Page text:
Real Life

Cystic sisters' double blow: We could kill each other

They’re so close, yet have to remain far apart

Tauranga sisters Nikki Reynolds-Wilson and Kristie Purton have always considered themselves best friends. They live just five minutes apart and speak most days. But sadly, doctors have told them they must never go within four metres of each other if they don’t want to endanger their lives.

The close-knit pair both have the life-threatening genetic disorder cystic fibrosis, which causes severe respiratory illness. It’s advised that people with the condition don’t hang out together as they carry bacteria in their lungs that could be harmful to the other. But with such a sisterly bond, it was a risk Nikki and Kristie were willing to take – until last year.

For their health’s sake, sisters Nikki (below, left) and Kristie are under strict orders to keep their distance.
For their health’s sake, sisters Nikki (below, left) and Kristie are under strict orders to keep their distance.

That’s when Nikki, 26, underwent a successful double lung transplant. Now doctors’ strict orders are she absolutely must now stay away from Kristie, 33, to avoid her picking up potentially harmful bacteria.

“It has been hard because we’re so close, but now we can’t even be in the same room together,” explains Kristie. “We still see each other, but we have to keep our distance. We never come inside each other’s houses. She doesn’t want the risk of picking up any bugs that I may have, otherwise it could take over her lungs and have a deteriorating impact. It is really hard, but I’d hate it if anything happened to her.”

Born seven years apart, life was often tough for the siblings, who called themselves the “Cystic Sisters”. They spent large chunks of their childhood in hospital with the disorder, which affects a number of organs in the body, including the lungs and pancreas, by clogging them with thick, sticky mucus.

Kristie Purton and Nikki Reynolds-Wilson
Kristie Purton and Nikki Reynolds-Wilson

“We’ve been in hospital together when we’ve both been having treatment,” tells Kristie. “We’ve experienced the same things and we’ve always supported each other.”

Growing up with a condition where people rarely reach adulthood took its mental toll and Kristie says because of her predicted life expectancy, she adopted a carefree attitude as a child. “I grew up thinking I probably wouldn’t reach 18, so I lived life to the full,” she says. “I made every day count.”

Against the odds, Kristie fell unexpectedly pregnant at 18 and in 2002, she gave birth to son Zack, who’s now 14. Her new responsibilities brought about a fresh attitude. “My outlook changed as I realised I had to live for my children and be around for them,” explains the keen sportswoman, who has completed two half-Ironman races, comprising a 1.9km swim, 90km bike ride and a 21.1km run. In 2004, she married Craig and the pair went on to have two more children – Curtis, eight, and Haylee, six.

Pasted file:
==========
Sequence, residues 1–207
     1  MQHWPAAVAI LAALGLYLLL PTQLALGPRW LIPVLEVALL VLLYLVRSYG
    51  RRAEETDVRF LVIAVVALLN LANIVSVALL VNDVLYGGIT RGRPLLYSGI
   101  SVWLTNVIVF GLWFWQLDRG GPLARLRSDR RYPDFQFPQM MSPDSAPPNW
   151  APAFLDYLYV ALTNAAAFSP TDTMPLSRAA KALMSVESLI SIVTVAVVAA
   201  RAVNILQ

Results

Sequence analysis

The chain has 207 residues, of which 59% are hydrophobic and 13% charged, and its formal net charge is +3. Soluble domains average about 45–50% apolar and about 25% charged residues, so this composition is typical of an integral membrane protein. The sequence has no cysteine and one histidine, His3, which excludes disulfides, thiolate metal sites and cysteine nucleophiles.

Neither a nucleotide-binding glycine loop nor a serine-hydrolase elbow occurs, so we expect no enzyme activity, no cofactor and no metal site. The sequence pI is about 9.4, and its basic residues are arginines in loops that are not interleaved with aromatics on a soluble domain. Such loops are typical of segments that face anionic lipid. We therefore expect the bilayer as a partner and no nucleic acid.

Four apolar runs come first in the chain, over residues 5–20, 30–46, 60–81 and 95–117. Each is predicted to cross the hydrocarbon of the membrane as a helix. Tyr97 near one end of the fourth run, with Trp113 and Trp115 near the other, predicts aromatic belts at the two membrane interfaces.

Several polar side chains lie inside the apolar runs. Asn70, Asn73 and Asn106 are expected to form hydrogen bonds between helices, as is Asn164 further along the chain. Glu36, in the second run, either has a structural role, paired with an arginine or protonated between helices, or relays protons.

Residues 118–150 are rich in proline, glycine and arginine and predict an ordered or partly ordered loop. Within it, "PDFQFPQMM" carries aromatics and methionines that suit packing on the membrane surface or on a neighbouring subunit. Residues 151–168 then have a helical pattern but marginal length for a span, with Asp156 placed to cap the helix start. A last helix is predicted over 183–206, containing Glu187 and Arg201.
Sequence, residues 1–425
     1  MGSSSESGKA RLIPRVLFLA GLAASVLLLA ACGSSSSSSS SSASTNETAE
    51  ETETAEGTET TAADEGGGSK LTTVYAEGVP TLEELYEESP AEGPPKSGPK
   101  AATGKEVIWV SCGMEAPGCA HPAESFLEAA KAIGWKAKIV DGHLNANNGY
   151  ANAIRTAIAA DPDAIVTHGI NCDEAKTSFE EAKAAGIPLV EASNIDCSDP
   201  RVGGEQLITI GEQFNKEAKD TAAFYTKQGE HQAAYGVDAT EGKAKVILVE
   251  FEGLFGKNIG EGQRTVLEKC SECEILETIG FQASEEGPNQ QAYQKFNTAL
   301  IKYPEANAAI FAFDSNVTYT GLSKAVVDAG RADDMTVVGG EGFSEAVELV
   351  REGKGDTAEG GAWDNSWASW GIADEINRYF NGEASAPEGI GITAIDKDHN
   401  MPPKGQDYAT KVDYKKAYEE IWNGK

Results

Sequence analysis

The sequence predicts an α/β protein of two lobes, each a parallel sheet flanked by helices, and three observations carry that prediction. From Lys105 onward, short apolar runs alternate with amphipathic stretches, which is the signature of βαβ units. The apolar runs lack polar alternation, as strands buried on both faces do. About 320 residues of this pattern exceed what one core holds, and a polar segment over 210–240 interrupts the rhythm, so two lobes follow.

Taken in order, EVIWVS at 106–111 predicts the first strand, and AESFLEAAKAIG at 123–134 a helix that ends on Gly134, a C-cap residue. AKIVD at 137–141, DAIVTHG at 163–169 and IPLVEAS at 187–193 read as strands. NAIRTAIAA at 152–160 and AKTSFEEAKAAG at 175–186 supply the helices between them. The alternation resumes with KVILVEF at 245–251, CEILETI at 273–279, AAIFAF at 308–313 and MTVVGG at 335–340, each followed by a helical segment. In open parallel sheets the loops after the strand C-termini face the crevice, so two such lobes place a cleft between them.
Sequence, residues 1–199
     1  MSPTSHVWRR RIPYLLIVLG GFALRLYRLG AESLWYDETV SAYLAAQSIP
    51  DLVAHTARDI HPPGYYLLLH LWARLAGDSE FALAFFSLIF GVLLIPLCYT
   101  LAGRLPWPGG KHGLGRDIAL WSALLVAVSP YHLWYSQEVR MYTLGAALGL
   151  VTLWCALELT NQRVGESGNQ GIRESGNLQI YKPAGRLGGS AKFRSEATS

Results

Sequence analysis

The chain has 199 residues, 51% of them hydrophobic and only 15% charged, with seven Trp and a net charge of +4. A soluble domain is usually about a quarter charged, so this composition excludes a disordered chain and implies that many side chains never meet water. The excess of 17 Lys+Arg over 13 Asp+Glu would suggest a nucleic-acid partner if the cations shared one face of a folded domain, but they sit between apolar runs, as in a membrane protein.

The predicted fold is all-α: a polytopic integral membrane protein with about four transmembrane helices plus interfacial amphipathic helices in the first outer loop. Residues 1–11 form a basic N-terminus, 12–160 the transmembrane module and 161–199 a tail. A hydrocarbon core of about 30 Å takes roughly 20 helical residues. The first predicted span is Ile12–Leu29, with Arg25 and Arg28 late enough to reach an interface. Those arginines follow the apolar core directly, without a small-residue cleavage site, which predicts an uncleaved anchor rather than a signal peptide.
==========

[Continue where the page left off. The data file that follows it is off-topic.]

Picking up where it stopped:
Kristie’s good fortune acted as an inspiration for her sister, who is mum to five-year-old Skyla with husband Brendan. But in recent years, Nikki’s condition worsened and with her lung function at 23%, a transplant was her only hope of survival.

Nikki was put on a waiting list, but because of her height – a little under 1.52m – finding a match was difficult due to a shortage of small donors.

However, after 16 frustrating months, her prayers were answered in August last year when she received a call from Auckland Hospital that they’d found a match. “Every day you’re waiting for the phone to ring,” tells Nikki, who with Kristie was nominated as a finalist for a “Spirit of Attitude” award at the 2016 Attitude Awards, which honours outstanding achievements of Kiwis living with a disability.

Nikki holds her old lungs.
Nikki holds her old lungs.

After eight hours of surgery and six weeks of rehabilitation, Nikki returned to her home city with her life transformed.

“I used to wake up every morning and it took me an hour to get out of bed, but now I pretty much jump out of bed and I’m ready to go,” says Nikki, whose new lungs are expected to function for about eight years. “I can now run around with Skyla and play in the ocean with her for hours.

“To have new lungs is my second opportunity. It’s cool to know I can now dream of doing what I want to do.” Kristie has been delighted in the change in her sister, but is sadly experiencing a real decline in her own health now. With a lung capacity of around 30%, Kristie struggles to hang out the washing or play with the kids and she’s desperate to be put on a lung transplant waiting list.

“Seeing what Nikki has gone through has been quite hard,” says Kristie. “I just want to be where she is and I know what I need to do to reach that point.”

It won’t be a straightforward process. Many of Kristie’s veins have become clotted, making the surgery potentially dangerous. But she’s hoping her specialists will give her the go-ahead.

“To know how well Nikki has done is keeping me positive,” says Kristie. “It is great to see what she can now do with Skyla and how she’s loving her new life.”

And should Kristie undergo a successful lung transplant, she dreams of hanging out with her sister again. “It would definitely be cool to sit down by each other and have a laugh, and joke again,” she tells. “It’s an awful feeling at the moment knowing we can’t be that close.”

Words: Steve Landells

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